Lost Edinburgh: Leith Races

EXCESSIVE drunkenness, violent brawls and general civil disorder: All part and parcel of a day out at the Leith Races.
"The Leith Races" oil painting by W. Reed. Picture: The Public Catalogue Foundation"The Leith Races" oil painting by W. Reed. Picture: The Public Catalogue Foundation
"The Leith Races" oil painting by W. Reed. Picture: The Public Catalogue Foundation


The Leith Races took place on a long strip of beach known as Leith Sands to the east of the harbour, and eventually became a long-running annual fixture.

Horse racing at Leith first began in the early 1500s. The 1504 accounts of James IV make reference to a payment to “the boy who ran the King’s horse” at Leith.

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By the 1760s, the Leith Races were recognised as one of the most hotly anticipated fixtures in the Scottish sporting calendar, and attracted great crowds of people from up and down the country. Each July or August, Leith and Edinburgh were propelled into ‘a state of feverish excitation’ with many businesses closing up shop for the duration. The town of Leith, with its famous golfing links, bowling green and annual horse racing events, was arguably the sporting epicentre of Scotland at this time.

Race week

As the race week was run by the town council, a uniformed city officer marched to the Races every morning, “bearing aloft at the end of a long pole the gaily ornamented city purse”. The race-goers walked with him down Leith Walk so that he “disappeared amidst the moving myriads, until only the purse at the end of the pole revealed his presence”.

Great care was taken to have the sands measured off and in good order for the horses, and proclamations were issued prohibiting digging for bait, for example, until the Races were over.


Prizes included the City of Edinburgh purse of £50, His Majesty’s purse of 100 guineas and the Ladies Subscription of 50 guineas. On the last day of the meeting, there was a purse for the horses beaten in the earlier part of the week.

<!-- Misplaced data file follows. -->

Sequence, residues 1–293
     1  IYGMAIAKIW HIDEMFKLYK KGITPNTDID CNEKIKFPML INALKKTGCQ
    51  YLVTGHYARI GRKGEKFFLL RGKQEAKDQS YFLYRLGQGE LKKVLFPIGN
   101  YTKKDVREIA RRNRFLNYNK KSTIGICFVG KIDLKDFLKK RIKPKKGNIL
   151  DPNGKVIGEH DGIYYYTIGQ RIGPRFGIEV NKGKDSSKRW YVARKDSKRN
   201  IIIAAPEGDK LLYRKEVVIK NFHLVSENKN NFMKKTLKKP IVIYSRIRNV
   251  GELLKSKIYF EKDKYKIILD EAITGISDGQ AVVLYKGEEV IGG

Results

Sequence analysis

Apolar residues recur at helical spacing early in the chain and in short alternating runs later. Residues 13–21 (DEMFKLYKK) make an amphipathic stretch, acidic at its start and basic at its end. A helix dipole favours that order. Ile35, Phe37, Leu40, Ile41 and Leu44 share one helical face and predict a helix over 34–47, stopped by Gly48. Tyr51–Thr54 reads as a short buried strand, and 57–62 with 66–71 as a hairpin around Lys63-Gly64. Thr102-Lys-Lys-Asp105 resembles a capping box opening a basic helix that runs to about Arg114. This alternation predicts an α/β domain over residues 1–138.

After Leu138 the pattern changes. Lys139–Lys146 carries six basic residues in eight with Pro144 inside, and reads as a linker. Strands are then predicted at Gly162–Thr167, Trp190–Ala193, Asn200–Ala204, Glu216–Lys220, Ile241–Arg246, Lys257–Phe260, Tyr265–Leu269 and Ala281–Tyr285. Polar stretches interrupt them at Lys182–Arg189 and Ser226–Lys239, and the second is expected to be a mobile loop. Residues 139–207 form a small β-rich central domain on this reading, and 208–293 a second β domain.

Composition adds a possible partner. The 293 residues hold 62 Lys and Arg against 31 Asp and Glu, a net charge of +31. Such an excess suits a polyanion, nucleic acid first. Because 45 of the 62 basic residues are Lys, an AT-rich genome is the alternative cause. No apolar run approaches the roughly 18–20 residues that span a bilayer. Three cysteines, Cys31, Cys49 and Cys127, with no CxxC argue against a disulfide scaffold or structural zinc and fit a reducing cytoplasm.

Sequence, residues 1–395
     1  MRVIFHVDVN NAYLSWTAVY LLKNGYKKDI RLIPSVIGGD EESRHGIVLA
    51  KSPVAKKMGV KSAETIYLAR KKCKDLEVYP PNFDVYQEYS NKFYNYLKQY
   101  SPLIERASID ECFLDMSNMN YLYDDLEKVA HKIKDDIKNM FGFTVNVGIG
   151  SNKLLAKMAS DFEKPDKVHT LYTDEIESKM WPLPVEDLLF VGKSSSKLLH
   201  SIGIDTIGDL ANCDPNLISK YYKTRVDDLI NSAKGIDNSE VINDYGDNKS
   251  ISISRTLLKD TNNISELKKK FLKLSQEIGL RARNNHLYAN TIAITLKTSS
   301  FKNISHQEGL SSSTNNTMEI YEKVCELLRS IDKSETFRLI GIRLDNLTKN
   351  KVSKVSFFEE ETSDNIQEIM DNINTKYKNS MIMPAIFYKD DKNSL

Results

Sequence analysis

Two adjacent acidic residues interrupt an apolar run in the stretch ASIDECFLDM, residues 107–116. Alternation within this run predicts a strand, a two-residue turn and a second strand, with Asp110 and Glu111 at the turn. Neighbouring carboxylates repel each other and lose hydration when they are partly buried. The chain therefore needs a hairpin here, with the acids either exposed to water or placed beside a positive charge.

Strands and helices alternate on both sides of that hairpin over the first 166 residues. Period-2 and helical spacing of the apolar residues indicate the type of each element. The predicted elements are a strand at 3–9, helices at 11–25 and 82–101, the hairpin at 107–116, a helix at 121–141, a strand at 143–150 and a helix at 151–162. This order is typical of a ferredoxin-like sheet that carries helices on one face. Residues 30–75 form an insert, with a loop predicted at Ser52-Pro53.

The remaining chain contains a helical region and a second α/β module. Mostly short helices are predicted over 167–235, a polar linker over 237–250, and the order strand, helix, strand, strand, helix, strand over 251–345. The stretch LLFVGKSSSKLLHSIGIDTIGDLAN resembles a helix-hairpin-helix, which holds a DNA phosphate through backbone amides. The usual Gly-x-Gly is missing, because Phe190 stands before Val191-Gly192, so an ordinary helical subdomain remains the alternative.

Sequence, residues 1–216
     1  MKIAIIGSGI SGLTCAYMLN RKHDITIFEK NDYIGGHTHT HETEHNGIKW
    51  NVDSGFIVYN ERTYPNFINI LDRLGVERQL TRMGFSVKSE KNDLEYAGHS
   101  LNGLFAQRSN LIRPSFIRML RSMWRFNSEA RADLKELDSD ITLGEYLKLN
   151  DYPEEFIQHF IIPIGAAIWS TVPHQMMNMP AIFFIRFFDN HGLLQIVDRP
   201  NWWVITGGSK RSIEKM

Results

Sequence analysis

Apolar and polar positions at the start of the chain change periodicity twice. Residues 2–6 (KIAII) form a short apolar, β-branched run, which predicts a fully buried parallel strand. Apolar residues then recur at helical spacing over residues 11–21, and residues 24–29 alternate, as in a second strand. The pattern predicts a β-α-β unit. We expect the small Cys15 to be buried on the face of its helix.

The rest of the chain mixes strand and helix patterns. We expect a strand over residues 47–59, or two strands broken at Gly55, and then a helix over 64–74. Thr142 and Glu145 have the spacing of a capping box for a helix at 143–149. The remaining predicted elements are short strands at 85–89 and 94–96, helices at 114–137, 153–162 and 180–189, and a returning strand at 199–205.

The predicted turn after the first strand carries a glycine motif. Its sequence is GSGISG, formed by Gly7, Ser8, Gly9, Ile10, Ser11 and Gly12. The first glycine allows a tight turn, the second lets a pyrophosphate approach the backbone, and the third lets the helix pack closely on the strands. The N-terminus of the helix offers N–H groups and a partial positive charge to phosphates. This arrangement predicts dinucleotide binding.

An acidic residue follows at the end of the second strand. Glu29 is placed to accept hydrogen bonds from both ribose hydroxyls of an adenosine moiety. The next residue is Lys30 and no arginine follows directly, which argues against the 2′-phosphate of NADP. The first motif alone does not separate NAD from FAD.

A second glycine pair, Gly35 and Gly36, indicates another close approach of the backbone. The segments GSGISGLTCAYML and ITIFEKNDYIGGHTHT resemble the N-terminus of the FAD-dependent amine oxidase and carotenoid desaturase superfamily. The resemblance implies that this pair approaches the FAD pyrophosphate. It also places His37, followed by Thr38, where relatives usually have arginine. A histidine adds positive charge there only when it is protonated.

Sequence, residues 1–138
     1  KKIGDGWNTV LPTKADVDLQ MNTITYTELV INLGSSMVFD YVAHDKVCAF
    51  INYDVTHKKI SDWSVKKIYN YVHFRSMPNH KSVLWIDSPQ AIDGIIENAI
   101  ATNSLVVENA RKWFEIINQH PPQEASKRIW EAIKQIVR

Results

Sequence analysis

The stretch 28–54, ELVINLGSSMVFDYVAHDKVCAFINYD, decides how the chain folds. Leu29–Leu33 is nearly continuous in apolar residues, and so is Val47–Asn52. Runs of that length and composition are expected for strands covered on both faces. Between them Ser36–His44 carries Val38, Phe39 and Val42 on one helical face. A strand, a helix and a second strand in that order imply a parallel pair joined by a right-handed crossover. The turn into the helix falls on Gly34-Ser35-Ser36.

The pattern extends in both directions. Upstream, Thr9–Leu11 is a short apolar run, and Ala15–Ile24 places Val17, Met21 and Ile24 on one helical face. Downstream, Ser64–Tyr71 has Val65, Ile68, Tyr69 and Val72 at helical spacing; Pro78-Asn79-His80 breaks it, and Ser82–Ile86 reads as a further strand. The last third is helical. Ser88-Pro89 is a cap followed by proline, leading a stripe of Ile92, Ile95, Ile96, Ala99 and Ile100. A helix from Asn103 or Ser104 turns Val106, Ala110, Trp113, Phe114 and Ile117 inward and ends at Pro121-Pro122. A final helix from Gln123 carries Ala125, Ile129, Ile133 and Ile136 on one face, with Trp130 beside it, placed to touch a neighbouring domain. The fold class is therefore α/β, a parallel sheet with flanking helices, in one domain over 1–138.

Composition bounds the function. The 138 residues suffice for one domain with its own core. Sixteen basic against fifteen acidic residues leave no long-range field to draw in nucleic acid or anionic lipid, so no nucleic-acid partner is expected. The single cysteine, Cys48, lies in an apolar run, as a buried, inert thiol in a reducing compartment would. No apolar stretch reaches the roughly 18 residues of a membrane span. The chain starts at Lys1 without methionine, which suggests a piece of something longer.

In 1738-39, the top prize was an exquisite golden teapot, “the King’s prize”. You can find it today on display at the National Museum of Scotland.

Drinking and fighting

The racing seems to have been subsidiary to other activities on the sands. These included shows, wheels of fortune and refreshment at the “vast lines of drinking booths which stretched along the shore”. For an entire week, the town was “one continued scene of racing, drinking and fighting”.

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On the final day of the races, a fighting match would often break out among those who were still able. The entire length of Leith Walk is said to have descended into chaos, with mass brawls breaking out among the drunken crowds on their return back up to Edinburgh.

Transfer to Musselburgh and demise

In 1816 the annual races were transferred to the smooth turf of nearby Musselburgh, where they have remained. Subscription races did continue at Leith Sands up until 1859, but a banning order on the sale of “spirituous liquor” on the day of the event helped to prevent the havoc of yesteryear.

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After the demise of the races, Leith Sands was incorporated into the ever-expanding dock area.

Musselburgh Racecourse continues to operate today, with horse racing just as popular now as it was in the days of the Leith Races. Thankfully, the widespread drunkenness and violence appear to have been ditched in the 19th century.